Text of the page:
A novel methodology for the rapid assessment of waterbird vulnerability to disturbance §

  • Kate JH England
  • Colin Jackson
  • Philip AR Hockey†
Keywords: behavioural response, disturbance, estuarine, rapid assessment, waders, waterbirds

Abstract

A methodology for rapidly assessing the vulnerability of waterbirds to disturbance  was tested at Sabaki estuary, Kenya. Three variables were employed to measure the responses of 15 species: (1) bird density, (2) minimum distance of birds from a  stationary disturbance and (3) recovery times following a moving disturbance.  Spatial response metrics (1) and (2) were regressed against expected species densities (in the absence of disturbance). Normalised mean residuals then  described species-specific deviations from the average spatial response to disturbance. A hypothetical model was constructed, whereby species were placed on a spatial response gradient and overlaid by the recovery metric (3). Greater Flamingo Phoenicopterus roseus, Lesser Flamingo Phoeniconaias minor, African Spoonbill Platalea alba and Terek Sandpiper Xenus cinereus exhibited the strongest avoidance responses. The two spatial metrics (1 and 2) achieved concordance for 73% of species, and all three metrics gave similar results for six of seven species at the extremes of the spatial response gradient. Non-concordance between response metrics is likely an effect of life-history traits (e.g. territoriality). Our results support the use of relative spatial response metrics (1 and 2) for robust and rapid identification of waterbird species that are most responsive and, by virtue, vulnerable to the effects of disturbance on tropical estuaries.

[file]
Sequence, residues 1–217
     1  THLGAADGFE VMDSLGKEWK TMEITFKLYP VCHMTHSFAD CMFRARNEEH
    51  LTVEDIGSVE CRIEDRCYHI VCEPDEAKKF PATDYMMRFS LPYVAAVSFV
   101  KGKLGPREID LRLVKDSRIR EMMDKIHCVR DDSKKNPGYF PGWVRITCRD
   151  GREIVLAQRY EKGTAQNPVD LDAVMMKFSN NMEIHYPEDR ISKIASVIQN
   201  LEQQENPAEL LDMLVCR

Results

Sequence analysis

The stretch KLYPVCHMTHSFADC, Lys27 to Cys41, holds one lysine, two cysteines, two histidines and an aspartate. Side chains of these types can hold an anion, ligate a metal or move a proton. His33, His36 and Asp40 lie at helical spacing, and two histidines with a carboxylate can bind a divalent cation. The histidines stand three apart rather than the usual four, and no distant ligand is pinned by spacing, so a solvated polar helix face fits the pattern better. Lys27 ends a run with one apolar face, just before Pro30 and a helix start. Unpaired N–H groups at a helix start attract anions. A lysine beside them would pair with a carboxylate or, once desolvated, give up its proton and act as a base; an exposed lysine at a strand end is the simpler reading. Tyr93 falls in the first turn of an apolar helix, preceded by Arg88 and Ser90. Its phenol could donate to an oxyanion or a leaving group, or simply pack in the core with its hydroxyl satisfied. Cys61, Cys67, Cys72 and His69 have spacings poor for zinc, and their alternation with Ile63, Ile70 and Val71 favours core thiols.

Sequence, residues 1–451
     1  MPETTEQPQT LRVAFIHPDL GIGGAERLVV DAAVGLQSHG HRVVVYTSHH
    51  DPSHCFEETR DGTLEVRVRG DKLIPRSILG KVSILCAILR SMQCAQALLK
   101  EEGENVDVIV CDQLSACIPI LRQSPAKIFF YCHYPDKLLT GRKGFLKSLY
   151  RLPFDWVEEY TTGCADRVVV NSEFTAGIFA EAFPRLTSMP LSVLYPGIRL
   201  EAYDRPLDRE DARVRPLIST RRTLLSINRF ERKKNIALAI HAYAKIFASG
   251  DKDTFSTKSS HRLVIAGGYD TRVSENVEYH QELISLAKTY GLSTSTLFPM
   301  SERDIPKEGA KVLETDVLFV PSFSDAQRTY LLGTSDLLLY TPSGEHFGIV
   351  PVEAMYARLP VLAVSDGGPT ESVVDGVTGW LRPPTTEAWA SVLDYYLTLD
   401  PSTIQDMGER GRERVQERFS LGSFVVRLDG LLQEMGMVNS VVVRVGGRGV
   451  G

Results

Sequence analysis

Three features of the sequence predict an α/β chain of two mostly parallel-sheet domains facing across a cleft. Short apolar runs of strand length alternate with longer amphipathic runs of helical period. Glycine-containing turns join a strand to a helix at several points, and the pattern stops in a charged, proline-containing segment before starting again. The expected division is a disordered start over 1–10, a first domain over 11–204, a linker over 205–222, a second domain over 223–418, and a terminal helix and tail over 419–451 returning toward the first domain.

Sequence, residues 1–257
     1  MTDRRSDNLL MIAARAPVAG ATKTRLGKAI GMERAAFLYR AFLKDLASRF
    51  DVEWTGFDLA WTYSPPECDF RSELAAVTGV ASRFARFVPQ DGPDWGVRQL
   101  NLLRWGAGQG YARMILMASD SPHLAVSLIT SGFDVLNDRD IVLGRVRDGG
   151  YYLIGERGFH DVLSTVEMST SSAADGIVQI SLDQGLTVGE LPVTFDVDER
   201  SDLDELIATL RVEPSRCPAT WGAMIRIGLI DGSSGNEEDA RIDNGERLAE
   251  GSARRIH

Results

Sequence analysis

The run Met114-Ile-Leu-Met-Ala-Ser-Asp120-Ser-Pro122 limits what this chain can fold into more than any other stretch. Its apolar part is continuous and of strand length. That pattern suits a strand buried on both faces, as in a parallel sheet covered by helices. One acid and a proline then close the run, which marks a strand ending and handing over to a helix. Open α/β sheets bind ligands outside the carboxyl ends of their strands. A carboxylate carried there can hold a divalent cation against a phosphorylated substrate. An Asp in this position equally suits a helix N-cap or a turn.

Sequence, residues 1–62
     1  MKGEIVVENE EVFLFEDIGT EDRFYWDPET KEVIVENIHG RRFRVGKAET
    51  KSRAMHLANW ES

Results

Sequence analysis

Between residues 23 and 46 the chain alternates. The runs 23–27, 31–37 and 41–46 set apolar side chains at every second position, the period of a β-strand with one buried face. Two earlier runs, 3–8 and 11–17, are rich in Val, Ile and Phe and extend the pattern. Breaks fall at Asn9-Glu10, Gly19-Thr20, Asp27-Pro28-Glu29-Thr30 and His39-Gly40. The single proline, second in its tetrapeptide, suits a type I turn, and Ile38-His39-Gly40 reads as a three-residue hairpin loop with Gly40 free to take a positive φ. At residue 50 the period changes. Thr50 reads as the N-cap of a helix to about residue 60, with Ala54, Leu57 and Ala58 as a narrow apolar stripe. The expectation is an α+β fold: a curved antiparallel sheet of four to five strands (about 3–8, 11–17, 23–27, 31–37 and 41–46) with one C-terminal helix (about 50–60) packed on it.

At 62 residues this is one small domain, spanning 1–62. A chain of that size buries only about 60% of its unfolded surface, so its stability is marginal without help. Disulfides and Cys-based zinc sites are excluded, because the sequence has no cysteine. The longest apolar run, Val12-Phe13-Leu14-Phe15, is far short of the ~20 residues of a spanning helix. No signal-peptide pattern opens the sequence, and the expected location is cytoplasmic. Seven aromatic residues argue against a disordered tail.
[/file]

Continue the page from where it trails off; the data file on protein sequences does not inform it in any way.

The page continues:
Keywords: behavioural response, disturbance, estuarine, rapid assessment, waders, waterbirds

Published
2016-08-04
Section
Articles

Journal Identifiers


eISSN: 1727-947X
print ISSN: 0030-6525